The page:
I've added a somewhat patchy discography on to these, for those wanting to chase down any tunes they don't have. I decided it was best to restrict myself to the tunes that were fully released and where (or so I think ;D ) I knew the label, due to the rather uncertain status of some of the other tunes (how do you label them? - forthcoming, unreleased, unknown, legitimate free release, semi-legitimate free release etc etc.... ). Any corrections or additions to this would be welcome, go to the comments box as usual.
Should have another mix, in similar style but hopefully a bit longer, done soon. But for now, enjoy these!

Sunday, 9 August 2009

FAO all Glasgow readers

Some big musical goings-on coming up between now and early September time. Collecting the details here so that we don't miss out:

Friday 14th August
A Night with Berkane Sol.
Geiom (Berkane Sol, Skam, Wigflex)
Brackles (Berkane Sol, Applepips,Planet Mu, Pollen, Blunted Robots)
Spamchop (Berkane Sol, Wigflex)
Electric Eliminators
Pivo Pivo (Waterloo Street)
11pm - Late
£7 on the door

Saturday 15th August
Joker (Hyperdub)
Spencer (Wireblock)
Production Unit (Highpoint Lowlife)
VJ Retina Glitch
Numbers @ Stereo (Renfield Lane)
11pm - 3 am

Sunday 30th August
Electric Frog Street Carnival
Yorkhill Street
2pm - 11pm
Featuring Theo Parrish, Roska, Jackmaster and many others. Full line-up + details here:

Friday 4th September
Moderat - live!
aka Modeselektor & Apparat
+ The Village Orchestra & Goodhand
Live visuals from Pfadfinderei
Numbers @ The ABC, Sauchiehall Street
8pm - 11pm
Advance tickets £12 + bf, available from Rubadub, Ticket Scotland (Argyle Street) and the ABC box office (Sauchiehall Street). Or online from Rubadub or Ticketweb.

Very swiftly followed by...
Friday 4th September
Official Moderat afterparty
Untold (Hessle Audio/Hotflush)
+ Spencer & Jackmaster
Numbers @ Sub Club, Jamaica Street
11pm - late
Free entry with Moderat ticket stub / £10 otherwise.

Friday 11th September
Prefuse 73 live
Jamie Vex'd
Ballers Social birthday night @ Stereo
8 pm start
(no other details about price etc available yet, will update when I find them).

Sunday, 12 July 2009

'Order now, to avoid dissapointment...'

Okay, before I get started with tonight’s post, allow me to get up on my soapbox for a minute. There’s a part of me that’s rather dubious about the idea of regularly using this blog to promote new music releases. I think it risks becoming part of a wider trend – seen regularly in review sections of magazines, papers, tv shows etc – that patronises and exploits the audience by making each supposed critical discussion of the arts into an opportunity to manoeuvre them into a new purchase. “And if you like the sound of artist xyz, why not pick up their album at.....”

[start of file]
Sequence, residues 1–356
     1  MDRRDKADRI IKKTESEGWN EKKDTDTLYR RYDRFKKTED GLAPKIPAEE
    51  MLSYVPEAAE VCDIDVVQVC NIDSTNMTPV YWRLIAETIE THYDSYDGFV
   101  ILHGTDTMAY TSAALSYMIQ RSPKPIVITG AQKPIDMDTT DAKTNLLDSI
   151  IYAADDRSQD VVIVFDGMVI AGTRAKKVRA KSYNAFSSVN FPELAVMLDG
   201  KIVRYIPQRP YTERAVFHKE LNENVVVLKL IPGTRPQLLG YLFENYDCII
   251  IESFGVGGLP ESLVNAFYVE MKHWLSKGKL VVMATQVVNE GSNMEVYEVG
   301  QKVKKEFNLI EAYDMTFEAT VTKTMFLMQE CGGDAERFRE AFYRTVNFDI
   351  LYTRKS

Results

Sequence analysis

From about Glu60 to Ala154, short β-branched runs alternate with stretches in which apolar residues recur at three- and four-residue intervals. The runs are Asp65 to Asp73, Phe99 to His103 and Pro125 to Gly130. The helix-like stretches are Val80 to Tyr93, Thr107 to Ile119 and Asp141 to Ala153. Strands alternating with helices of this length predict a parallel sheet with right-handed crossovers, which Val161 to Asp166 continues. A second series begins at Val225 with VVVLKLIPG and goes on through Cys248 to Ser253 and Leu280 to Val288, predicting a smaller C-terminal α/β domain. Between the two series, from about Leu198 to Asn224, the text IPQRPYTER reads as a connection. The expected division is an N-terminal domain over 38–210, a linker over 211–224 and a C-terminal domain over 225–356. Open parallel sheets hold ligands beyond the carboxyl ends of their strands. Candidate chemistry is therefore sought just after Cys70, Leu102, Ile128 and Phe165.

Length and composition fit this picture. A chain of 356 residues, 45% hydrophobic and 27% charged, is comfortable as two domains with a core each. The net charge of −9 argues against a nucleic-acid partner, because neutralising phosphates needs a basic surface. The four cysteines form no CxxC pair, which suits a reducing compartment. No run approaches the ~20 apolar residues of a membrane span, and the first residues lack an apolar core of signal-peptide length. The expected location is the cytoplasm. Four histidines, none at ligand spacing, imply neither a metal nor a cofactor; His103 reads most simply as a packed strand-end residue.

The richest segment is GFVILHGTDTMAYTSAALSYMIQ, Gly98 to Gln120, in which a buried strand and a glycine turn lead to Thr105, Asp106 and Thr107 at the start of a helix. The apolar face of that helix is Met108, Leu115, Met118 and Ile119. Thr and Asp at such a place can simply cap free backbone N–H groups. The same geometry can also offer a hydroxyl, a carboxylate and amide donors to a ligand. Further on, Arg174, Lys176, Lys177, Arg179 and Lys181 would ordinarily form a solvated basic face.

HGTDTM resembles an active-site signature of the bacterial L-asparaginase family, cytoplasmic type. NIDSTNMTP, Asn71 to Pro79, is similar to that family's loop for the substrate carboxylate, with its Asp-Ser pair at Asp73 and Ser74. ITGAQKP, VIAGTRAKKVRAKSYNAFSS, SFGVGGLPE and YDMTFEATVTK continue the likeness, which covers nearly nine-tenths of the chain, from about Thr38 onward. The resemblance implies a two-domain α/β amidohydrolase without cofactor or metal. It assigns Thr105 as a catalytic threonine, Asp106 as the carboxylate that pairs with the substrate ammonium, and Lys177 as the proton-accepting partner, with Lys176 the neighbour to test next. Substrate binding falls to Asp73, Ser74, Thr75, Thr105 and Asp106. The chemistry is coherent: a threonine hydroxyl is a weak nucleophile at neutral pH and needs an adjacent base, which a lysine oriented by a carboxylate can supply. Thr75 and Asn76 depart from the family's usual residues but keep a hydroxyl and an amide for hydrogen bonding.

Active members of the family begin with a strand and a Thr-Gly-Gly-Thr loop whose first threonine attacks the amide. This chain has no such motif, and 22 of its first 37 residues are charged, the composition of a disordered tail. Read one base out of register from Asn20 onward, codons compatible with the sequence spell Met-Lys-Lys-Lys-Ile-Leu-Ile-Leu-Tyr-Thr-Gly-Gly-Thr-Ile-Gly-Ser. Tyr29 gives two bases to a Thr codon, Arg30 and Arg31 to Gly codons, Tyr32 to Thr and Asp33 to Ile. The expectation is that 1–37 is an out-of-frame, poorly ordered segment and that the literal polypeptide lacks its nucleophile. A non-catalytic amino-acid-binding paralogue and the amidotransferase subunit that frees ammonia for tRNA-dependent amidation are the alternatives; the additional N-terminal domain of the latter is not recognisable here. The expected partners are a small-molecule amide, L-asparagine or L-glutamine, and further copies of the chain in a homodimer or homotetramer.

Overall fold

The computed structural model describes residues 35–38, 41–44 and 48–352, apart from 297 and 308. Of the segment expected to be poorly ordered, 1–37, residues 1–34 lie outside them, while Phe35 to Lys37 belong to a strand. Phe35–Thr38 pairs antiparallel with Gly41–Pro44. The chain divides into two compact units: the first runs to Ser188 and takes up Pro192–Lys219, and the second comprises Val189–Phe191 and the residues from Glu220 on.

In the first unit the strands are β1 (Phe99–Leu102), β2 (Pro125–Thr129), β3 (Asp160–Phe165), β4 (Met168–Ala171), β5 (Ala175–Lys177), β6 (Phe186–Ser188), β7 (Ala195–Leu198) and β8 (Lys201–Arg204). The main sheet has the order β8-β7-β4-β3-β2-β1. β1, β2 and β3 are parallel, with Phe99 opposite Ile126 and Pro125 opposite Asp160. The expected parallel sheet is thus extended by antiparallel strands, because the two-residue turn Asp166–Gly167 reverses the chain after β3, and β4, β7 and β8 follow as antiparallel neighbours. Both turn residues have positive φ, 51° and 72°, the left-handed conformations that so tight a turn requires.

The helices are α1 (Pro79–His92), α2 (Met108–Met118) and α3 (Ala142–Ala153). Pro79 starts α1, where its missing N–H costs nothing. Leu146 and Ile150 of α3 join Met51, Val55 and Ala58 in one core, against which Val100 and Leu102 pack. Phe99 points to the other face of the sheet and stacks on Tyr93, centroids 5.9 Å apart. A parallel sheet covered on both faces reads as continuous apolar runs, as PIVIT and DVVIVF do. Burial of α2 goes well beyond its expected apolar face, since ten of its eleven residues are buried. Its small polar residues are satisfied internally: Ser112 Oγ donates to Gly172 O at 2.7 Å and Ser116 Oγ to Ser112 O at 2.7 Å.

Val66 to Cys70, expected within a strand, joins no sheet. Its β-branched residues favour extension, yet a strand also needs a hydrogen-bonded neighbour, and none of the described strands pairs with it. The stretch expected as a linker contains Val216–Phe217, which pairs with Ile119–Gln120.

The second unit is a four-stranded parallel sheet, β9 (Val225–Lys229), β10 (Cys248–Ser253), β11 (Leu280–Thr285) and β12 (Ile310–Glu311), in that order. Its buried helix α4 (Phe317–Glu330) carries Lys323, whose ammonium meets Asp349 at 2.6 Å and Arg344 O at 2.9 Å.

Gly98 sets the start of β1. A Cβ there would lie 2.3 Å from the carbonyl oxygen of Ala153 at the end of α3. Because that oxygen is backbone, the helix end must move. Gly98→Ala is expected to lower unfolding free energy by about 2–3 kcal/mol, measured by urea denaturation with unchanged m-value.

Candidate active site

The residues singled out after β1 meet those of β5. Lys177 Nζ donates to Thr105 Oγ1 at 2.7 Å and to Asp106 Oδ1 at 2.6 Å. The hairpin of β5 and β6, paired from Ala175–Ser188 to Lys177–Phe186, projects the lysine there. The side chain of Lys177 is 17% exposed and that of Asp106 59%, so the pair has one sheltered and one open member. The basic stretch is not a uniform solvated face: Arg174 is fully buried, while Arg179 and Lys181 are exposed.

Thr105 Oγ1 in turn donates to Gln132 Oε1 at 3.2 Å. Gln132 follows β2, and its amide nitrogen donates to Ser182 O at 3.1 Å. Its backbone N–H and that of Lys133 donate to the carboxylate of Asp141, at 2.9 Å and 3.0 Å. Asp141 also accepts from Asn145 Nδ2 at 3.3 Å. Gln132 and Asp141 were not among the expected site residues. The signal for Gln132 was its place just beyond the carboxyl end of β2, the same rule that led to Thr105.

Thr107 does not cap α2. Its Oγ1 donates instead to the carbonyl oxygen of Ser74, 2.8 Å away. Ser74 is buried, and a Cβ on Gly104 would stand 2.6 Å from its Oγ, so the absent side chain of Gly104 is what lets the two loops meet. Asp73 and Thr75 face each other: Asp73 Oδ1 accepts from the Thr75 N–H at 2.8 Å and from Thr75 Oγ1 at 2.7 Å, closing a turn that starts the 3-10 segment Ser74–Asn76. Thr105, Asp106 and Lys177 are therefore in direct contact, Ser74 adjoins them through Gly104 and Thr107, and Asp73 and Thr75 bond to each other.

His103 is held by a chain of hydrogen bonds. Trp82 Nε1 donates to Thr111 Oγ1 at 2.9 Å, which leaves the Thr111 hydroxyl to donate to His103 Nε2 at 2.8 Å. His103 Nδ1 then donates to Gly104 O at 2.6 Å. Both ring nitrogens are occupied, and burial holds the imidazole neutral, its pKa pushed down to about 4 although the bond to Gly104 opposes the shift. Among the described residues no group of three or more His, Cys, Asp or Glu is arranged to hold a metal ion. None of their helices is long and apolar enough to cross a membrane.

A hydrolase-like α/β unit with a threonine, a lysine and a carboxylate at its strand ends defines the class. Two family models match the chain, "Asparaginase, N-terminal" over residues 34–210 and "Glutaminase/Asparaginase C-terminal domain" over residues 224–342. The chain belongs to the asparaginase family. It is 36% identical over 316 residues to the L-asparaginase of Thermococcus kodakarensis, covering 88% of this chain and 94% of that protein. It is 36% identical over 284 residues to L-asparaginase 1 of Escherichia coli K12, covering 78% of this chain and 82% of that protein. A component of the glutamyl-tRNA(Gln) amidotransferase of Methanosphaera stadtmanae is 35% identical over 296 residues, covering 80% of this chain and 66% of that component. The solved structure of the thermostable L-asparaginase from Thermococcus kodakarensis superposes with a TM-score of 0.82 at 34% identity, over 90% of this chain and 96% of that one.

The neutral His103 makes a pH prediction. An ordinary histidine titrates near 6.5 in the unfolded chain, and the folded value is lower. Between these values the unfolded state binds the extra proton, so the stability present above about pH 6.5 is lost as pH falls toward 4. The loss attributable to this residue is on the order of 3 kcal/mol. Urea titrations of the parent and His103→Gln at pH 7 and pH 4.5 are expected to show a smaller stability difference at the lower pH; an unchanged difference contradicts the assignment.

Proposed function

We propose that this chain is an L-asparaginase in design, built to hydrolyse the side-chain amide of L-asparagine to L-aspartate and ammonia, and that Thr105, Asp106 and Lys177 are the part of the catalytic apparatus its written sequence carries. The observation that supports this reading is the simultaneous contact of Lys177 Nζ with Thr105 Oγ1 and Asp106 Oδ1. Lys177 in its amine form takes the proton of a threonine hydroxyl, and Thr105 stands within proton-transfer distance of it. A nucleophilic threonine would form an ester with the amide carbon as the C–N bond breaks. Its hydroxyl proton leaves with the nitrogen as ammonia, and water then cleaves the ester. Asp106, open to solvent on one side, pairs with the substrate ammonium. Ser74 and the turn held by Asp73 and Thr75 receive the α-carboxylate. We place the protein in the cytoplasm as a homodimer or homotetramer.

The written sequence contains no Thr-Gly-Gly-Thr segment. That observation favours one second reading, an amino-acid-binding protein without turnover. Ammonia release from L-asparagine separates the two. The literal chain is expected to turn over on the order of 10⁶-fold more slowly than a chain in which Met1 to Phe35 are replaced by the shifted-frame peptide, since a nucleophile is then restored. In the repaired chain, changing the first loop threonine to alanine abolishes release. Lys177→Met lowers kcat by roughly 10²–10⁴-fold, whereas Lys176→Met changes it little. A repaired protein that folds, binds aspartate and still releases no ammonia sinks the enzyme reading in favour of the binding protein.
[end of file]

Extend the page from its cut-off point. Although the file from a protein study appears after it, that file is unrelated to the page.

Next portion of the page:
So when I discuss the current and forthcoming releases below, I do so according to the following ground-rules. I’ll only promote stuff that I’m really feeling, and that I regard as underexposed and potentially difficult to track down, especially for those without a strong existing investment in the music. These records on the whole are small releases on small labels – they represent some of the few remaining flourishing of genuinely independent, non-corporate music production and distribution in the UK, and for that very much deserve support. Finally, highlighting new releases becomes important at a time like now when many small, independent records are appearing; lists like these are then useful just to keep on top of things, not least for myself, and prevent worthy music from slipping through the cracks.

First up, the Blunted Robots 001 release that I’ve been banging on about since time. Mickey Pearce – Innami on one side, Martin Kemp – No Charisma on the other. This is currently OUT, in fact has been so since 6th of July, this last Monday past. To my knowledge there are still plenty of copies available, but y’know, don’t sleep on this if you want get one. You can order a copy here; only vinyl at the mo but apparently a digital release is planned for the near-ish future. The BR label is run by Brackles, whose DJing has been widely praised of late ( including by me in previous posts) along with a bloke called Shortstuff, who has done some nice co-productions with both Brackles and Pearce; hopefully we might seem the come out on BR later. Also already on release is this cracker of a package - 4 remixes of Tempa T’s Next Hype, from Plastician, DVA, Brackles (there he is again!) and Starkey, downloadable here . So that’s four pretty major current figures, covering a decent stylistic range, and of course the original is a modern classic, grime anthem of the year. The Starkey mix is an excloos, or so I’m led to believe. A vinyl follow-up run is planned for the near future, which is excellent as to the best of my knowledge Tempz’ original crazily never made it onto wax. No sightings of the mash-up mixes by Oneman and co yet – in fact, my wager is that licensing issues mean that they’ll never see the light of day beyond radio rips. But we can still hope, and in the meantime we’ve got this.
Now onto Keysound, a fine imprint which is the brainchild of Rinse DJ and production duo Dusk and Blackdown. Currently they’ve got Bullet A Go Fly, produced by DVA, out on vinyl and mp3 release here . This tune’s a bit of a monster, featuring Riko, Flowdan, Badness and Killa P all taking a turn on mike – that’s pretty much the biggest patios-style grime MCs all right there! At first the brutality of the lyrics was almost a bit too much for me, but I’ve warmed to it; the production def helps, there’s a cold, barren element that prevents it from coming across as purely as a swaggeristic macho celebration, more like a resigned acceptance of impending doom, whatever the lyricists intended. The real one for me though is Dusk and Blackdown’s remix on the flip – boosting the bass, slowing it down a touch, focussing in on the sinisterly shuffling cymbals, it’s both more danceable and even more ominous.